5 Signs of Stroke

by Jodee on March 1, 2009

Did you know that most people can’t name the 5 signs of stroke? Older people and those who have already had a stroke are most likely to be familiar with the symptoms. A survey was conducted with 86,000 participants from 11 states, the District of Columbia, and the Virgin Islands. All participants were asked five questions to determine whether they knew what symptoms may indicate a stroke and if they know what to do if someone is experiencing them.

Survey Results Not Encouraging

The results of the survey were not encouraging. Less than two in five of the people surveyed could list the five signs of stroke and knew that they should call 911 to get help in that situation.

The 5 Signs of Stroke

Here are the 5 signs of stroke that you need to be on the lookout for:

  • Severe headache (sudden onset)
  • Vision problems Feeling weak in your arm, leg, or face
  • Trouble speaking or confusion
  • Difficulty walking, loss of balance
  • Dizziness

These symptoms of a stroke can be caused by a number of medical conditions, and you are not able to diagnose a stroke on your own. If you experience any of them, you need to get help immediately. This is a situation where you need to call 911. Don’t worry about possibly getting to the hospital and finding out that it wasn’t a stroke after all. That would be good news, actually.

You are far better off being safe rather than sorry in this situation. Any of these 5 signs may indicate that you are having a stroke and you need to get diagnosed and treated quickly.

Get Help Quickly

Doctors have medications they can give to break up the clot causing the stroke, but to be effective they need to be administered quickly. Ideally, this means within three hours of when the symptoms started. Waiting longer means that the effects may be more severe (and long-lasting) than if you had received prompt treatment.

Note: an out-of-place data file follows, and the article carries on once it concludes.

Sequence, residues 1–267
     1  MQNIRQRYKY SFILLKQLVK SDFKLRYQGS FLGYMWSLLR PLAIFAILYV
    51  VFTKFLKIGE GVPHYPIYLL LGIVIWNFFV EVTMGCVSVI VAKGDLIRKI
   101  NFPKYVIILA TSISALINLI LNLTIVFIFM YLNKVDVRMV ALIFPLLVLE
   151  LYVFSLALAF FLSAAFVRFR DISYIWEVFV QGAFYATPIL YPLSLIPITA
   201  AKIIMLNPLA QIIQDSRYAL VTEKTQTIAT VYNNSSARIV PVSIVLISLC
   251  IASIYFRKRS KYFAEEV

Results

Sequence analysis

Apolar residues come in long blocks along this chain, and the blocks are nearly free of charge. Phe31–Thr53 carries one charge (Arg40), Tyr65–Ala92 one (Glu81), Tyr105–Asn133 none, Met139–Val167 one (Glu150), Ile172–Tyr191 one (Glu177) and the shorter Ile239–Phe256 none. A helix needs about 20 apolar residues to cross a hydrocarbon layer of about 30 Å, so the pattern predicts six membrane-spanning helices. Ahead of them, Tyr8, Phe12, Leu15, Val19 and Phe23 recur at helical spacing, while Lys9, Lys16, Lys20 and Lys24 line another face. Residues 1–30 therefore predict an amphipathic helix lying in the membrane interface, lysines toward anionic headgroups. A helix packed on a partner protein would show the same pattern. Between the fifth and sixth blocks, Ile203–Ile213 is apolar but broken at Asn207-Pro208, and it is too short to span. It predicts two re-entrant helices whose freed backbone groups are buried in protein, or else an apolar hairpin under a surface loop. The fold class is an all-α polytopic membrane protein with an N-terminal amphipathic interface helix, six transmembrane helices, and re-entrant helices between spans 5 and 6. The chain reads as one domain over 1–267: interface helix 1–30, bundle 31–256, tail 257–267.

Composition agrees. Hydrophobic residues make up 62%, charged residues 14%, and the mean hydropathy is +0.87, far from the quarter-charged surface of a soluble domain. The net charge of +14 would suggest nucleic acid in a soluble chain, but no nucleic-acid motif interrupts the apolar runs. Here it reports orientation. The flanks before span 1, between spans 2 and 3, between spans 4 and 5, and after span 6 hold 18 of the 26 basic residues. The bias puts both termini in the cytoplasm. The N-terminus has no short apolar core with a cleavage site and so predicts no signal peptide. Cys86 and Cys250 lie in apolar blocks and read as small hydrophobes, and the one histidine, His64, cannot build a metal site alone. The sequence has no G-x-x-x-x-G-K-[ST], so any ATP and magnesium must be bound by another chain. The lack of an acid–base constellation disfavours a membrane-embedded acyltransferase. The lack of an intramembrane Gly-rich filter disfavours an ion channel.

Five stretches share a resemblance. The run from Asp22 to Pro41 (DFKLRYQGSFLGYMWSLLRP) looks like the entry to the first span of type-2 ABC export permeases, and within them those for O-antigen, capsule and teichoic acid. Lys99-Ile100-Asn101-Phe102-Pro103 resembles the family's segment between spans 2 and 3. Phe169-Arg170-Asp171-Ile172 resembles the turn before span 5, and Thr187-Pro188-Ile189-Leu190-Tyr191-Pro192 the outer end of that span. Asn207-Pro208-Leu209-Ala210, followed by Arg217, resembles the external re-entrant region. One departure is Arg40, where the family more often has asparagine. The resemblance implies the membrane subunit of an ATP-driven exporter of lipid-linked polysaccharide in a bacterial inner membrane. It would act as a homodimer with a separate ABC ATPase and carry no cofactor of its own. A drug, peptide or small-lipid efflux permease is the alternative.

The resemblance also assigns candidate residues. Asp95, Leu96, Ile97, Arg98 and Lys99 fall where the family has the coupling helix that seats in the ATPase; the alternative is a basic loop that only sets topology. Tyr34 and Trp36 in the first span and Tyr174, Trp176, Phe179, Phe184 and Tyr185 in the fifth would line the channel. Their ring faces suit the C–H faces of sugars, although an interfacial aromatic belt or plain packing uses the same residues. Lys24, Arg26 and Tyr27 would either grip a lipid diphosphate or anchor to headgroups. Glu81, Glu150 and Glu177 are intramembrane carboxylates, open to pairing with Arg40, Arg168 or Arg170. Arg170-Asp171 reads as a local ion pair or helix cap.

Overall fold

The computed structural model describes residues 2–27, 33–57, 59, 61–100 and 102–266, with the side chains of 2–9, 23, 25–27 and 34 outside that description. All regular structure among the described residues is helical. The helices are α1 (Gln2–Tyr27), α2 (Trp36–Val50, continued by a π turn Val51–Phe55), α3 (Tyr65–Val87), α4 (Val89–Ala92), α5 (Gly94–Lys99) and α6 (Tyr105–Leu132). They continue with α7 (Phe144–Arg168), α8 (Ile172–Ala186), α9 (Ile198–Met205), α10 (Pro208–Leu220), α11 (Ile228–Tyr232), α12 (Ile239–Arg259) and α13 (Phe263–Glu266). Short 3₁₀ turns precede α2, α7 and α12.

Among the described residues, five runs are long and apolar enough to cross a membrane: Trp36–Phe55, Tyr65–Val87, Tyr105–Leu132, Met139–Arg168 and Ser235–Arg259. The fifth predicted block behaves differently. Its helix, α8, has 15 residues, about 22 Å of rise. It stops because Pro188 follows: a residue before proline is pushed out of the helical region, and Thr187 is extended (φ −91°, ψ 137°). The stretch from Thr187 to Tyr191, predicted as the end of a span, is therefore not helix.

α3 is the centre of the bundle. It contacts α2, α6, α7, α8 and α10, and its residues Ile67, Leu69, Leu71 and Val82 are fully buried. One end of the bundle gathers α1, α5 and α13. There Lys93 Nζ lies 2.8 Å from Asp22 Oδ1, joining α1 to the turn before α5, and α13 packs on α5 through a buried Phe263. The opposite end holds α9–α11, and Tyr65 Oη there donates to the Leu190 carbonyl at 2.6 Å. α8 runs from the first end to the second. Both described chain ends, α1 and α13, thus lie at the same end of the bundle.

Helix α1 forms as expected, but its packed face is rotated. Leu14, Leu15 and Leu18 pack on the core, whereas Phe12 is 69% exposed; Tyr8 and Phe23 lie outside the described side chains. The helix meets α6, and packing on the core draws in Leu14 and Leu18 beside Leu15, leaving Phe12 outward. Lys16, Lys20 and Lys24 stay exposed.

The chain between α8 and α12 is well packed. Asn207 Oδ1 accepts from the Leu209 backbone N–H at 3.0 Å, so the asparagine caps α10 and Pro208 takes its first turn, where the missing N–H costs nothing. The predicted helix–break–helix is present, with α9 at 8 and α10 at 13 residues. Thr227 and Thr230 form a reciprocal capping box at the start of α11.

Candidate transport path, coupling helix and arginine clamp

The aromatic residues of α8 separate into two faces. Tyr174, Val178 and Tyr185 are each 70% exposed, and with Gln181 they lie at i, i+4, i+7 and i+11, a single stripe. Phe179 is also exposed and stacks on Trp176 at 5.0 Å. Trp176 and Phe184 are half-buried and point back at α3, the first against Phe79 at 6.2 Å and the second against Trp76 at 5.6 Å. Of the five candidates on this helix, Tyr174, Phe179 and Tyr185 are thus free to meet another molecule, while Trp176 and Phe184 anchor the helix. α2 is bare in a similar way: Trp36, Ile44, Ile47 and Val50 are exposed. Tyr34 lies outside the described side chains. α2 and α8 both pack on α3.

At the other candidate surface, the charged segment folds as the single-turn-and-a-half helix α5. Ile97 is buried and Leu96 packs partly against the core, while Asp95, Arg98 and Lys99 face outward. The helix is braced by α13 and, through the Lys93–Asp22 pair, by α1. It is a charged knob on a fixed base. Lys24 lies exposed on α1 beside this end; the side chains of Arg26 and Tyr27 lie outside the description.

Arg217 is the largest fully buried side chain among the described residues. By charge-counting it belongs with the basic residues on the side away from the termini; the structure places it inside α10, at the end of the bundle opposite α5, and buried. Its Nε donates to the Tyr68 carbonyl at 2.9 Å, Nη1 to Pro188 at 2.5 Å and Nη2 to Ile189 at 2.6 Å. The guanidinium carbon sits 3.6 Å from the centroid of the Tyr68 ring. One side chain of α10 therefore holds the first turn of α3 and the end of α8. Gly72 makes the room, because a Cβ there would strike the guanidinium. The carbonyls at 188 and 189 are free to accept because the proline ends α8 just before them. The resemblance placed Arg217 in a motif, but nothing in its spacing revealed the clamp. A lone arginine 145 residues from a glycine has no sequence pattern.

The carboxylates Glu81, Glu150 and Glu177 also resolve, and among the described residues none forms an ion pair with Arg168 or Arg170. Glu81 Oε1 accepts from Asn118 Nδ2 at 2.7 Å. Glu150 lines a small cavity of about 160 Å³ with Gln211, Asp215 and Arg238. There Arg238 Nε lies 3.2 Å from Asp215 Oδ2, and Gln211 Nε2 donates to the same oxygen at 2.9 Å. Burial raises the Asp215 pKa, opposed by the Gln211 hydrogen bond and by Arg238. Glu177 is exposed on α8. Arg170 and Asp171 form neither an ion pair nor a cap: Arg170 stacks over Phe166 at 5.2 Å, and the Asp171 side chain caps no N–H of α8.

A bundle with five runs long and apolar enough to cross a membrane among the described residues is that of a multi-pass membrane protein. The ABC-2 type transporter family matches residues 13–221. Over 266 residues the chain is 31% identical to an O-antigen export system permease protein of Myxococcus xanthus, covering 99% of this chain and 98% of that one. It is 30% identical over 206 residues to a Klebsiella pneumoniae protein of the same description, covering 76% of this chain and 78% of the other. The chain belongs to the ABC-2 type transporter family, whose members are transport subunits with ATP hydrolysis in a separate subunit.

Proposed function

Treating Stroke

Most strokes are caused by a blood clot in the brain.

If you get to a hospital right away, doctors can administer tPA (tissue plasminogen activator) to break up the clot. The medication is administered through an IV to open up the blood vessel being affected by the clot.

This approach may be used for Ischemic strokes, which account for 80 percent of cases. The other 20 percent of strokes are caused by bleeding in the person’s brain. The treatment for this type of stroke is different; instead of administering a substance that will make the bleeding more severe, surgery may be done to clip off the blood vessel that is hemorrhaging.

Before doctors can treat the stroke effectively, they need to determine what kind it is. To get that valuable information, they need to do a brain scan. The bottom line here is that everyone needs to be aware of the 5 signs of stroke and what to do when they occur. Don’t wait to see if they will clear up or get worse on their own. Call 911 and get help immediately.

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